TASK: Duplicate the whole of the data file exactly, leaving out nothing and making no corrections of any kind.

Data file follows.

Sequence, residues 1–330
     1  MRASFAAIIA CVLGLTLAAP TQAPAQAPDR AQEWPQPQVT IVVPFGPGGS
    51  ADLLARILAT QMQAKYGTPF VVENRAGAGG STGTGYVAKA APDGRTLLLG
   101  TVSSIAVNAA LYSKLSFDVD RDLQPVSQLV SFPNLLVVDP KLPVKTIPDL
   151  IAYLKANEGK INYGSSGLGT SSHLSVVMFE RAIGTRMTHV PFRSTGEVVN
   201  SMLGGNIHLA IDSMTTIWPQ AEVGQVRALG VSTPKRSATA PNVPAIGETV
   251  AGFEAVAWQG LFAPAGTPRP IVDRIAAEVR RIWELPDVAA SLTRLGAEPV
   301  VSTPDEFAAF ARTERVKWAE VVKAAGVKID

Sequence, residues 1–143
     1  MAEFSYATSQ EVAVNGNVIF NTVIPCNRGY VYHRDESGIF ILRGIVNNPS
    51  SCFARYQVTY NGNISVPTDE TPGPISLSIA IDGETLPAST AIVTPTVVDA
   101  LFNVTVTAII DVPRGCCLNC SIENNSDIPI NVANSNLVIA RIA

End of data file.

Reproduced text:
Sequence, residues 1–330
     1  MRASFAAIIA CVLGLTLAAP TQAPAQAPDR AQEWPQPQVT IVVPFGPGGS
    51  ADLLARILAT QMQAKYGTPF VVENRAGAGG STGTGYVAKA APDGRTLLLG
   101  TVSSIAVNAA LYSKLSFDVD RDLQPVSQLV SFPNLLVVDP KLPVKTIPDL
   151  IAYLKANEGK INYGSSGLGT SSHLSVVMFE RAIGTRMTHV PFRSTGEVVN
   201  SMLGGNIHLA IDSMTTIWPQ AEVGQVRALG VSTPKRSATA PNVPAIGETV
   251  AGFEAVAWQG LFAPAGTPRP IVDRIAAEVR RIWELPDVAA SLTRLGAEPV
   301  VSTPDEFAAF ARTERVKWAE VVKAAGVKID

Sequence, residues 1–143
     1  MAEFSYATSQ EVAVNGNVIF NTVIPCNRGY VYHRDESGIF ILRGIVNNPS
    51  SCFARYQVTY NGNISVPTDE TPGPISLSIA IDGETLPAST AIVTPTVVDA
   101  LFNVTVTAII DVPRGCCLNC SIENNSDIPI NVANSNLVIA RIA